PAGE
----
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Complaint over explicit Filth film trailer upheld

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  • by STUART MACDONALD
 

A TRAILER for hit Scots film Filth has been rapped by advertising watchdogs.

An ad for the 18-rated movie based on Irvine Welsh’s novel and starring James McAvoy has been banned from being shown before the 9pm television watershed.

The Advertising Standards Authority(ASA) launched an investigation into the trailer after a complaint from a TV viewer.

They concluded the ad contained scenes of drug use, alcohol consumption and sexually suggestive behaviour which were unsuitable for children.

One scene portrayed a young woman in lingerie approaching a line of naked men, shown from the neck down, who were holding police helmets over their private parts.

In another McAvoy’s character was shown blowing a white powder, which also covered his face, from his hand.

The advert had been permitted to be shown after 7.30pm by Clearcast, the body which vets ads before they air.

However, the ASA upheld the compliant and said it should not be broadcast before 9pm.

In a written ruling, the ASA said: “The ASA acknowledged that the ad had been given a post 7.30pm restriction, and it was therefore not shown around programmes commissioned for, principally directed at, or likely to appeal particularly to audiences below the age of 16 years.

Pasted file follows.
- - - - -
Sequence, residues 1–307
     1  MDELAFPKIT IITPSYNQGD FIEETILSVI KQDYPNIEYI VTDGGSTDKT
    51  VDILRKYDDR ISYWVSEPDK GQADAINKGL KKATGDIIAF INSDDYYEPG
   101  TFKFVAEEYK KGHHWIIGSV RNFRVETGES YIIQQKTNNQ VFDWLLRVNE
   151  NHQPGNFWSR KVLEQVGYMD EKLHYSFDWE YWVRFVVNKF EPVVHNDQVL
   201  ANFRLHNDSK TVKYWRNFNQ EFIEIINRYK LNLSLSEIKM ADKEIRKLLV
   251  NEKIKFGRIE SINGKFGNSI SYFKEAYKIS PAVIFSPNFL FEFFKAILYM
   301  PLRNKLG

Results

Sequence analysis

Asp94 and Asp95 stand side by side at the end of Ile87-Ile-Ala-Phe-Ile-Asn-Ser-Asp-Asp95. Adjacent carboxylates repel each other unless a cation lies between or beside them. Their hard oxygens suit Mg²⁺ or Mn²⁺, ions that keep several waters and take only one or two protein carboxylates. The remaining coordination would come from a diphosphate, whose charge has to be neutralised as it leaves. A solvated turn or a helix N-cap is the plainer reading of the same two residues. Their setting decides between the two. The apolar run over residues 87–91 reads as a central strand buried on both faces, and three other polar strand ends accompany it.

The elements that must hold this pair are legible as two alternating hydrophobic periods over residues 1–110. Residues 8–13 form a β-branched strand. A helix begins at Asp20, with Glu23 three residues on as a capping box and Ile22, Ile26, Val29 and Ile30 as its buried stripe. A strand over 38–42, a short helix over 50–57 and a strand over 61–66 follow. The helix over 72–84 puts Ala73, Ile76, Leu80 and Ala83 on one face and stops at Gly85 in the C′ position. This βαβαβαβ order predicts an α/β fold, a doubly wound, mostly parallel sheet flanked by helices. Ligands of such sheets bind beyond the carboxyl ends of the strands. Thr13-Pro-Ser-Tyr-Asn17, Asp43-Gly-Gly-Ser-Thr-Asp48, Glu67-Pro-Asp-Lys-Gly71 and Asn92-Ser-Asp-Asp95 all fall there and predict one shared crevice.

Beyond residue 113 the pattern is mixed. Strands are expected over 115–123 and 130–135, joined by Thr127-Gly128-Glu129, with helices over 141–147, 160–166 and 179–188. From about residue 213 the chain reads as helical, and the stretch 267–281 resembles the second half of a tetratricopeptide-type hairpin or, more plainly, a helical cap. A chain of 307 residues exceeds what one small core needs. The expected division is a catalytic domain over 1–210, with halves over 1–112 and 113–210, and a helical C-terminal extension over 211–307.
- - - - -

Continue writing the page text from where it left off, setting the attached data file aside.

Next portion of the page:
“However, we noted that the ad contained clips likely to be seen as portraying drug use, alcohol consumption followed by vomiting, partial nudity and sexually suggestive behaviour.

“We did not consider that the scenes would cause harm or distress to children, that is we did not think the scenes would encourage or condone the behaviour shown or frighten children, but we were concerned about their suitability for children.

“We concluded that, when viewed together as a series of clips, the overall cumulative effect of those scenes portrayed a very negative, anti-social culture, which we considered would be more appropriate to be shown post 9 pm to further reduce the likelihood of children viewing the ad.”

Filth tells the story of drug-addicted Edinburgh policeman Bruce Robertson, played by McAvoy.

It was released in Scotland last September and across the UK the following month.

The film, which was directed by Jon Baird and also starred Jamie Bell and Shirley Henderson, took in nearly Pounds 4 million at the box office.

The film’s distributors, Lionsgate, said there were no plans to show the advert again in the future.

Clearcast felt that the post 7.30 pm restriction was an appropriate restriction for this ad.

They said the scenes of a sexual nature were extremely brief and non-graphic.

SEE ALSO

Film review: Filth (18)

 

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